Michael Horton has a new book called Pilgrim Theology: Core Doctrines for Christian Disciples. Horton explains that the
“book is more than simply an abridgment of The Christian Faith. Instead, I have sought to write for an entirely new and wider audience. I’ve intentionally tried to make it useful for both group and individual study, and have included key terms, distinctions, and questions at the end of each chapter that are linked to words in bold font within the text. Though this book is less detailed than my longer systematic theology, it is written to serve as something of a travel guide to help you on your own journey of theological understanding, showing you the proper coordinates and important landmarks you’ll need to recognize along the way.” (14)
As I read his chapter on the Holy Trinity I very much appreciated his observation on why so many Christians today don’t find this doctrine all that relevant. I distinctly remember a number of years ago someone asking a guest speaker we had in the store why we needed to believe in the Trinity since it really had no “practical” application. Horton’s response needs to be heard.
“One of the reasons that many Christians have found little practical relevance of this doctrine for their lives is that our public worship—and therefore private piety—has become increasingly emptied of Trinitarian references. As we’ve seen, one of the reasons for the controversies and greater refinements in formulating the doctrine is that monotheistic Jews were now offering worship to Christ and the Holy Spirit as well as to the Father. In addition to the New Testament formulas for baptism and benedictions, ancient prayers and hymns planted the Trinitarian faith deep in the hearts of Christian people across many times and places. Christians throughout the ages didn’t just talk about the Trinity (which still, more often than not, happens today), but to the Father, in the Son, by the Spirit.”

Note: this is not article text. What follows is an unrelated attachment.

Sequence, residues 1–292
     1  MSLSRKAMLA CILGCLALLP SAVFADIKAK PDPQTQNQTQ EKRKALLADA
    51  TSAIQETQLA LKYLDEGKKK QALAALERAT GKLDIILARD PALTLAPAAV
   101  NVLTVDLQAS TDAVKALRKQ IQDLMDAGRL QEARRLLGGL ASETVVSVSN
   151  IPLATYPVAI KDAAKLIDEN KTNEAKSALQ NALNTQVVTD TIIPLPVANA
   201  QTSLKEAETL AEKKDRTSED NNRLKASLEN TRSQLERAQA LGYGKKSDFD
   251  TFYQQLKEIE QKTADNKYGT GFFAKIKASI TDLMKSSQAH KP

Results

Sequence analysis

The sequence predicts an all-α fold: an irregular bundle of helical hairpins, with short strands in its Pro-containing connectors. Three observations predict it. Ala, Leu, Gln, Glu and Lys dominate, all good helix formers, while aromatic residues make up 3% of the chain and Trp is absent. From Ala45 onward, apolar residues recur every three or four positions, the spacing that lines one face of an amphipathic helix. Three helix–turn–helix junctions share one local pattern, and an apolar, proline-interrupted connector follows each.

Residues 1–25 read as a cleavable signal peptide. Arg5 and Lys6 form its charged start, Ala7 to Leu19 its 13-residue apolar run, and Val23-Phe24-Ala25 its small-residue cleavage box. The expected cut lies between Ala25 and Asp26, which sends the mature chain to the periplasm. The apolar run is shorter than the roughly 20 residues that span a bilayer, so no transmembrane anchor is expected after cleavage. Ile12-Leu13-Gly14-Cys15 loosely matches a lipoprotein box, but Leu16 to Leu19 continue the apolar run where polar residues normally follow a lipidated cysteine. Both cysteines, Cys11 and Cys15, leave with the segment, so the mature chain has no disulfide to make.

Many forms of worship today, however, have dispensed with these rich resources without replacing them with equally Trinitarian elements. So now when we raise the subject in catechism or youth group (which itself is increasingly rare), many find it unfamiliar to their Christian experience thus far. To the extent that our experience is not Trinitarian, it is not properly Christian. One of my goals in this book is to explore the relevance of the Trinity not only across the whole system of Christian doctrine, but in our lives as worshipers and disciples of Jesus Christ.” (Emphasis his. 103-4)
Pilgrim Theology is from Zondervan. It is a hardcover with 512 pages and sells for $34.99.